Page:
Mollie Bender, 85, of Gottlieb real estate family
Mollie Bender, partner with her late brother Bill Gottlieb, her husband, Irving Bender, and her son, Neil Bender, in the family real estate business, died July 1 in her West Village home at the age of 85.
As a member of a real estate company with a reputation for seldom, if ever, selling a property, she played a vital role in keeping intact the identity and characters of the West Village and Gansevoort Market District, in particular. Some of the companys properties have been long vacant, however, such as the landmarked Northern Dispensary at Waverly Pl. and Grove St. The company also owns property in Chelsea and Gramercy and on the Lower East Side.
After Bill Gottliebs death in 1999, Mollie Bender ran the business with her husband and her son.
With the proceeds earned in the 1950s and 60s from Poor Joes, a bar and grill in Washington, D.C., Mollie and Irving Bender provided the seed money for Bill Gottlieb to buy his first buildings in Manhattan. Over the next four decades, they grew a company that currently owns more than 100 properties.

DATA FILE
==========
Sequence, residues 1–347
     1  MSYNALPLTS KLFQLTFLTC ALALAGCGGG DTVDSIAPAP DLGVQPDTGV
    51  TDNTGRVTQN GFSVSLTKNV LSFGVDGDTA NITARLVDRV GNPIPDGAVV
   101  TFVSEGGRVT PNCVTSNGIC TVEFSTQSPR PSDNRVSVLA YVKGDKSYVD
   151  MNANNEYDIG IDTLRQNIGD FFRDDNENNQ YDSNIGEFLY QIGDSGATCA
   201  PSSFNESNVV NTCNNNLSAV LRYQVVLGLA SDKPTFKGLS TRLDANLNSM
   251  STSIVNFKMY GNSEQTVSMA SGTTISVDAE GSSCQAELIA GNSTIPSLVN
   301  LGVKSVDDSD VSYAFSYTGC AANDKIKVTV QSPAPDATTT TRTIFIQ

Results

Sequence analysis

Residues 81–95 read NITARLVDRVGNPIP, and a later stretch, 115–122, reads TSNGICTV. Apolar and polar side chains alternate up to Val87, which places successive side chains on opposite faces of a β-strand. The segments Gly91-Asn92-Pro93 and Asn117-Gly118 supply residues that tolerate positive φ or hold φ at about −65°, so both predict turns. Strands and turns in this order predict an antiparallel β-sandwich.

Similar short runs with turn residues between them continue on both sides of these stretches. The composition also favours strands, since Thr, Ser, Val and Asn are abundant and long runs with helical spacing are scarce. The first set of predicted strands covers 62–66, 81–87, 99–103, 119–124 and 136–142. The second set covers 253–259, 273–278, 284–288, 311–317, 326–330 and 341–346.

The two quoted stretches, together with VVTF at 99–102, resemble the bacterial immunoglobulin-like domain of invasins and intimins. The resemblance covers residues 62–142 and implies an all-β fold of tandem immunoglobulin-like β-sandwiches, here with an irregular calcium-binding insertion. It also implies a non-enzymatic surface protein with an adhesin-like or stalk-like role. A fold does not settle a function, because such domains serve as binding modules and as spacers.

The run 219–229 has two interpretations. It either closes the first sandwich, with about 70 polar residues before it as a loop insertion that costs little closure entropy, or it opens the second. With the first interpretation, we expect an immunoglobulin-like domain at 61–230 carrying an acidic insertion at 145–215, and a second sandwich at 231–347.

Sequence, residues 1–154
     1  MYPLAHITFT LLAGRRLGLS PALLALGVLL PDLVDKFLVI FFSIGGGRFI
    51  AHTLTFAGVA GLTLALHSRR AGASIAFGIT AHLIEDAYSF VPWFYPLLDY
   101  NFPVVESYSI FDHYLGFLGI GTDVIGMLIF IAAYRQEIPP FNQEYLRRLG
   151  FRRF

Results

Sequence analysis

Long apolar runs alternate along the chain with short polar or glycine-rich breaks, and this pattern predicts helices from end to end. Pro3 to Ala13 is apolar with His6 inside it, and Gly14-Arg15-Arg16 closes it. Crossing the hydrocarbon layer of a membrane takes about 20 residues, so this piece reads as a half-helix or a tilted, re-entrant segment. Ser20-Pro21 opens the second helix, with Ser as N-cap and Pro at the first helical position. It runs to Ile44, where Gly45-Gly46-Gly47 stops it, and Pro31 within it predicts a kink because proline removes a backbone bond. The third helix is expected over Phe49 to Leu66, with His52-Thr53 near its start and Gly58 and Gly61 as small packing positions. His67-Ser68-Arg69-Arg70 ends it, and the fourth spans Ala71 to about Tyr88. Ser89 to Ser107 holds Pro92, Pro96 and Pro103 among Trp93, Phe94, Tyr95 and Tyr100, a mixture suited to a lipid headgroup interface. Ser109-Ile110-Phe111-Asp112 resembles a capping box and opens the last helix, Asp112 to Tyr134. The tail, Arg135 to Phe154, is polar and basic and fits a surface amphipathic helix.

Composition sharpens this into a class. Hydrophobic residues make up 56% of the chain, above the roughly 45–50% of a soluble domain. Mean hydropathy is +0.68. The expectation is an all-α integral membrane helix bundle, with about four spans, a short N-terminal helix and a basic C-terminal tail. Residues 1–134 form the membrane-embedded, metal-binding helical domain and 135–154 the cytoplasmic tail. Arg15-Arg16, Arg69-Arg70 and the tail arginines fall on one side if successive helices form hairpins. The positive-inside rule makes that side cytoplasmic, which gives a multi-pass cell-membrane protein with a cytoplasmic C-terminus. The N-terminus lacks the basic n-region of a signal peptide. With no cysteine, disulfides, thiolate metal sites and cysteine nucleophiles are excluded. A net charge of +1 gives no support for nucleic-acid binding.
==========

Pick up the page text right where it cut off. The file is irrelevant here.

She was born in Coney Island in 1922.
She was an active supporter last March of the Landmark Preservation Commissions designation of the Keller Hotel, 150 Barrow St. A family spokesperson said the landmarked building would undergo major renovations overseen by L.P.C. to be completed in 2008.
Mollie Bender was also a strong supporter for the preservation and conversion into a park of the High Line, the derelict railroad viaduct running from the Meatpacking District to W. 34th St. She was the lone dissenter among a group of 38 adjacent property owners known as Chelsea Property Owners who tried to have the elevated railroad demolished.
My mother was remarkable for her lifelong dedication to her family and work, said Neil Bender. She was a loving and caring wife, mother and grandmother, as well as a skilled and seasoned businesswoman who worked six days a week up to the time of her passing. Her legacy lives on in the wonderful New York neighborhoods where she worked and lived.
She was active in her synagogue and several charities, including the nonprofit Autism Speaks. Her husband, two adult children and three grandchildren survive.
Rabbi Daniel Alder presided over the funeral at Plaza Memorial Chapel in Manhattan. Burial was in Mount Hebron Cemetery in Queens.